The Link Between Your TSH and Weight Gain

Slight shifts in this hormone could thwart your healthy-weight efforts

Woman weighing herself on scale.
Jose Luis Pelaez Inc./Getty Images

Experts know that an overactive thyroid (hyperthyroidism) can cause weight loss and a slower thyroid (hypothyroidism) may contribute to weight gain. However, the precise link between thyroid stimulating hormone (TSH) levels and weight gain or loss is still fuzzy. While some experts claim the thyroid/weight link is not significant in most cases, there is some research out there to dispute this notion.

For example, a study reported in the Archives of Internal Medicine explored the connection between TSH levels and body weight in people with normal thyroid function. The researchers found that even slight increases in TSH within the normal range, over time, appear to be associated with weight gain.

Despite some level of disagreement about the connection among experts, it's worth learning more about—particularly if you are having difficulty maintaining a healthy weight.

The Effects of TSH

In the study mentioned above, over 2000 participants who were not receiving thyroid hormone medication and who had baseline TSH levels between 0.5 and 5.0 mIU/L (considered "normal") were examined. Their baseline TSH level and body weight were then compared to their TSH level and body weight three and a half years later.

Results revealed that modest increases in TSH in those with normal thyroid function were associated with increases in body weight in both sexes.

The study authors offered two possible reasons that might explain their findings.

First, lower energy expenditure—known as thermogenesis—is associated with lowered thyroid function. Lowered thyroid function can lower metabolism, which means that fewer calories are needed in order to maintain body weight, which can make weight loss more difficult—even impossible in some cases.

Second, triiodothyronine (T3) is the active thyroid hormone at the cellular level. It delivers oxygen and energy to cells. Lower T3 levels are associated with lowered resting metabolic rates. And again, when metabolism is lower, lower calorie intake and more activity to burn calories are both needed in order to maintain current body weight or lose weight.


The implications of these findings aren't clear because, while they suggest that increased TSH levels—even within the normal reference range—may play a role in weight gain, there is no definite cause and effect. It's not clear that lowering the TSH level (for example, with thyroid hormone replacement therapy) would reverse any impact and result in weight loss.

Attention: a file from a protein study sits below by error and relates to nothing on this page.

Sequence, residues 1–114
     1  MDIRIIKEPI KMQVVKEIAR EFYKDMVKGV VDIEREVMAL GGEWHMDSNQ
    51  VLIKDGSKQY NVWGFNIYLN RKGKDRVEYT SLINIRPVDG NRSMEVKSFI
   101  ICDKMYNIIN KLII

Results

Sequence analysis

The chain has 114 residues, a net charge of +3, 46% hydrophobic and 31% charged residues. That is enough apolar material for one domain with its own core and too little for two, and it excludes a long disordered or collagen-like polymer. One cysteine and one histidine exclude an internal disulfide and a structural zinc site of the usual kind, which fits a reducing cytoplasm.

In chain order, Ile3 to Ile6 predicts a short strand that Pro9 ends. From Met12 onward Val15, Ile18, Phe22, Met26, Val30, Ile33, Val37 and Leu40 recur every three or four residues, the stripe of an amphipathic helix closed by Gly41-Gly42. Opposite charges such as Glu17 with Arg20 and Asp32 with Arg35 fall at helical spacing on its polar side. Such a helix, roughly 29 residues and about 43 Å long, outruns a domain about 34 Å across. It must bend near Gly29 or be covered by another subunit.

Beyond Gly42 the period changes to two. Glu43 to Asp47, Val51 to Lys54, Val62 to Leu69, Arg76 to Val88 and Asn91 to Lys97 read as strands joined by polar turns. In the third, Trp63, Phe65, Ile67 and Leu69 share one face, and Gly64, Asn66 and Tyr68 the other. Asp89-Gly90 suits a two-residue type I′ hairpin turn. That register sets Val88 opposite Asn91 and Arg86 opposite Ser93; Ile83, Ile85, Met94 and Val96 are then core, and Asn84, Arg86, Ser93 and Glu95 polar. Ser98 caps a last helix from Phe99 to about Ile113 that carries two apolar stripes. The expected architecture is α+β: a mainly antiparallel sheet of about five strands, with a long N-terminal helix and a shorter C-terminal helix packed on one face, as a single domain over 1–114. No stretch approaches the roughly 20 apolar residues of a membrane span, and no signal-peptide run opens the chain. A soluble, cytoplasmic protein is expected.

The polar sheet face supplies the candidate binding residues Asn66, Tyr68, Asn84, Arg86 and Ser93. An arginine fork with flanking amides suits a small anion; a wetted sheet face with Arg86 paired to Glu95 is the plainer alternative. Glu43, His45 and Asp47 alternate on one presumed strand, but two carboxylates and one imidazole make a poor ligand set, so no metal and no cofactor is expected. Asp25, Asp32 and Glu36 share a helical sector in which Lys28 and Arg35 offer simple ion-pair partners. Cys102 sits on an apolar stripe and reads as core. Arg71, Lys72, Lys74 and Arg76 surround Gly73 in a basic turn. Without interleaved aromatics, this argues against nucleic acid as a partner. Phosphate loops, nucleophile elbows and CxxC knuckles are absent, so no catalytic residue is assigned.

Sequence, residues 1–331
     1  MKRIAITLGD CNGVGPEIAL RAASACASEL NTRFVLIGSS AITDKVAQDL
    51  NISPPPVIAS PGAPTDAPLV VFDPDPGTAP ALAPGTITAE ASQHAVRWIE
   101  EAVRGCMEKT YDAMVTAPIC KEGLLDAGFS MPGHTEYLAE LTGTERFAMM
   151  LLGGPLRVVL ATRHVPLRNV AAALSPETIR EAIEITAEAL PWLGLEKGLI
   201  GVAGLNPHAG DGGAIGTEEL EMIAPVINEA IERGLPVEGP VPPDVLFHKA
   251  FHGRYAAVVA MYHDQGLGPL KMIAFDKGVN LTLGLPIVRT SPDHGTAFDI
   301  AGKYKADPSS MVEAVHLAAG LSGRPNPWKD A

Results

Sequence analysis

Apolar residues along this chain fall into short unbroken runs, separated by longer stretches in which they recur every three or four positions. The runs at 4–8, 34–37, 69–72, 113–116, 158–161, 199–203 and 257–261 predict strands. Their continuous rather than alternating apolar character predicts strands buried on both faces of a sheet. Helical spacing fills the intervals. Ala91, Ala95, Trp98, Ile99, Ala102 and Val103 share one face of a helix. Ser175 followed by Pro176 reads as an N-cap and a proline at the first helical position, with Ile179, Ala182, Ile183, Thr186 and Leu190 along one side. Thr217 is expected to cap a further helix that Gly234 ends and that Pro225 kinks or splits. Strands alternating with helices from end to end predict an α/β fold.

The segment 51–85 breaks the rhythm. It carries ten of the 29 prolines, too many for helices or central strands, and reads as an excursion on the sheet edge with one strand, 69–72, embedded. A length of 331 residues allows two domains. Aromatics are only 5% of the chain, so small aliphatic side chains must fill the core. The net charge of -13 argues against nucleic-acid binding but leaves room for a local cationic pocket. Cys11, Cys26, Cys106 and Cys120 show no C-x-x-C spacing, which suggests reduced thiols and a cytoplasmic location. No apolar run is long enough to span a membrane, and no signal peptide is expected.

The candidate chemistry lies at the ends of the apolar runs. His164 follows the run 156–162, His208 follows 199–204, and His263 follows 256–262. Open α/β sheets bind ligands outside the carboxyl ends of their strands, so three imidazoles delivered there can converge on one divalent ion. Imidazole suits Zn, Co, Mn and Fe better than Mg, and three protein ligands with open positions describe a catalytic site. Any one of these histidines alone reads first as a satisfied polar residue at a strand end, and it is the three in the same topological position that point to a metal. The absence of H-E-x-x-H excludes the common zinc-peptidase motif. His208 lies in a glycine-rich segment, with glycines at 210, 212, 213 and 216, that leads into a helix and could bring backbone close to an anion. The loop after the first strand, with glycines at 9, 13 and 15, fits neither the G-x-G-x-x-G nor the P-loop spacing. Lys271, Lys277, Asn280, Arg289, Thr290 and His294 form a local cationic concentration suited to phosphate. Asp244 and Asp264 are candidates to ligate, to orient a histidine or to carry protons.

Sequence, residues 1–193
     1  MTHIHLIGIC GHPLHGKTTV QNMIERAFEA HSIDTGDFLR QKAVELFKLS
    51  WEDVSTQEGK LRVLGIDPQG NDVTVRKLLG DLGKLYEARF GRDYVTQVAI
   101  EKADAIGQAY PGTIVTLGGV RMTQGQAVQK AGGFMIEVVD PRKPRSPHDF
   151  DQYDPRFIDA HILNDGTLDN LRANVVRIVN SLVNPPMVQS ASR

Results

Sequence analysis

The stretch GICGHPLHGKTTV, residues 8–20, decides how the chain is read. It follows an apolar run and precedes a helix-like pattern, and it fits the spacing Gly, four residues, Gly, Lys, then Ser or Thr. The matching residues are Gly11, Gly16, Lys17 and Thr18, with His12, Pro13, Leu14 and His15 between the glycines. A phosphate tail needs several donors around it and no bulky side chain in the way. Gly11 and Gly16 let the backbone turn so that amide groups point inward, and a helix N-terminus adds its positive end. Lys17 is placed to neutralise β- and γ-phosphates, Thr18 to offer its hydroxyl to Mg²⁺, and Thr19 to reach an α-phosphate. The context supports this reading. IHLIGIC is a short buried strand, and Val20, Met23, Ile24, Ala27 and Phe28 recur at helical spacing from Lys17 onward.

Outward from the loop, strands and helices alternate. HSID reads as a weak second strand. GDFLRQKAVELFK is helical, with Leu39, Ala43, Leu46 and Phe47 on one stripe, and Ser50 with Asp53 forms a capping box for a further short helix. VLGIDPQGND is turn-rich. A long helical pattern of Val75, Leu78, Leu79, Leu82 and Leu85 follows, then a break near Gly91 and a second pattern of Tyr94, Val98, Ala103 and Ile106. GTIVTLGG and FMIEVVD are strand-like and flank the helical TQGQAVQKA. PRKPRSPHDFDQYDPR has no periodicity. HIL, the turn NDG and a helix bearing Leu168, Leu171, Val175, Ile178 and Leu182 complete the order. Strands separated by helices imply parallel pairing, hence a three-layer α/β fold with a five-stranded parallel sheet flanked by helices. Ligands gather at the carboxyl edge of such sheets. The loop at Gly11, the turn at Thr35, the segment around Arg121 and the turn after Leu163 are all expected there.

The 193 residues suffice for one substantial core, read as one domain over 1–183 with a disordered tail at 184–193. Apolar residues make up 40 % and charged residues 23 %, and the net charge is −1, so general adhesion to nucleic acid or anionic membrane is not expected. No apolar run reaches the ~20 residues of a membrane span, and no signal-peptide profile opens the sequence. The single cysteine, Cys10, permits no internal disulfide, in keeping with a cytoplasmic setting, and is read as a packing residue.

The main conclusion, therefore, is that while increases in TSH may be associated with weight gain, further research is needed to understand why, and whether this is preventable or treatable.

Moreover, while this study is interesting, its results are not necessarily supported by other studies. For example, a study in the Annals of Nutrition and Metabolism examined over one thousand participants with normal thyroid function and found no link between changes in TSH and body mass index (after a follow-up period of 10 years).

However, this study did find a negative link between free T4 (thyroxine) and body mass index, so as free T4 levels declined over time, body mass index tended to increase.

A Word From Verywell

If you are overweight and can't lose weight despite a healthy diet and exercise, it is sensible to talk with your doctor about undergoing a thyroid evaluation to rule out hypothyroidism. An underactive thyroid can sabotage even the best diet and exercise plans.

Likewise, if you are overweight and being treated for a thyroid problem, but finding it hard or impossible to lose weight, talk with your doctor about optimizing your thyroid treatment and tactics thyroid patients can follow for effective weight loss

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